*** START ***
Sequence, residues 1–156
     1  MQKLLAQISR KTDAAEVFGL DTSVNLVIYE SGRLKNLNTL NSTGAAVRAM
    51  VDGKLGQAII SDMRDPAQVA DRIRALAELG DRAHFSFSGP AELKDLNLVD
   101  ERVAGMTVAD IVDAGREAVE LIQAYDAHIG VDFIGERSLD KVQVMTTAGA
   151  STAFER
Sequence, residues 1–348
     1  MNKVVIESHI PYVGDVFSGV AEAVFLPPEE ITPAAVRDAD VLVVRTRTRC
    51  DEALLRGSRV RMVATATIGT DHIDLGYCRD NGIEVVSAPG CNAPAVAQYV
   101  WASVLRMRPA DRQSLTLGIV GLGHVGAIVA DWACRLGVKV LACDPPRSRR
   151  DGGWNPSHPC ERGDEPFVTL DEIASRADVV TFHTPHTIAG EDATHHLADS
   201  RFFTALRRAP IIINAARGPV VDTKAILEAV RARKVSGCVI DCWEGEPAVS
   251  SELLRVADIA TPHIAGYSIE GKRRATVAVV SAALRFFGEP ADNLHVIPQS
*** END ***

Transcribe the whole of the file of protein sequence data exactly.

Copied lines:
Sequence, residues 1–156
     1  MQKLLAQISR KTDAAEVFGL DTSVNLVIYE SGRLKNLNTL NSTGAAVRAM
    51  VDGKLGQAII SDMRDPAQVA DRIRALAELG DRAHFSFSGP AELKDLNLVD
   101  ERVAGMTVAD IVDAGREAVE LIQAYDAHIG VDFIGERSLD KVQVMTTAGA
   151  STAFER
Sequence, residues 1–348
     1  MNKVVIESHI PYVGDVFSGV AEAVFLPPEE ITPAAVRDAD VLVVRTRTRC
    51  DEALLRGSRV RMVATATIGT DHIDLGYCRD NGIEVVSAPG CNAPAVAQYV
   101  WASVLRMRPA DRQSLTLGIV GLGHVGAIVA DWACRLGVKV LACDPPRSRR
   151  DGGWNPSHPC ERGDEPFVTL DEIASRADVV TFHTPHTIAG EDATHHLADS
   201  RFFTALRRAP IIINAARGPV VDTKAILEAV RARKVSGCVI DCWEGEPAVS
   251  SELLRVADIA TPHIAGYSIE GKRRATVAVV SAALRFFGEP ADNLHVIPQS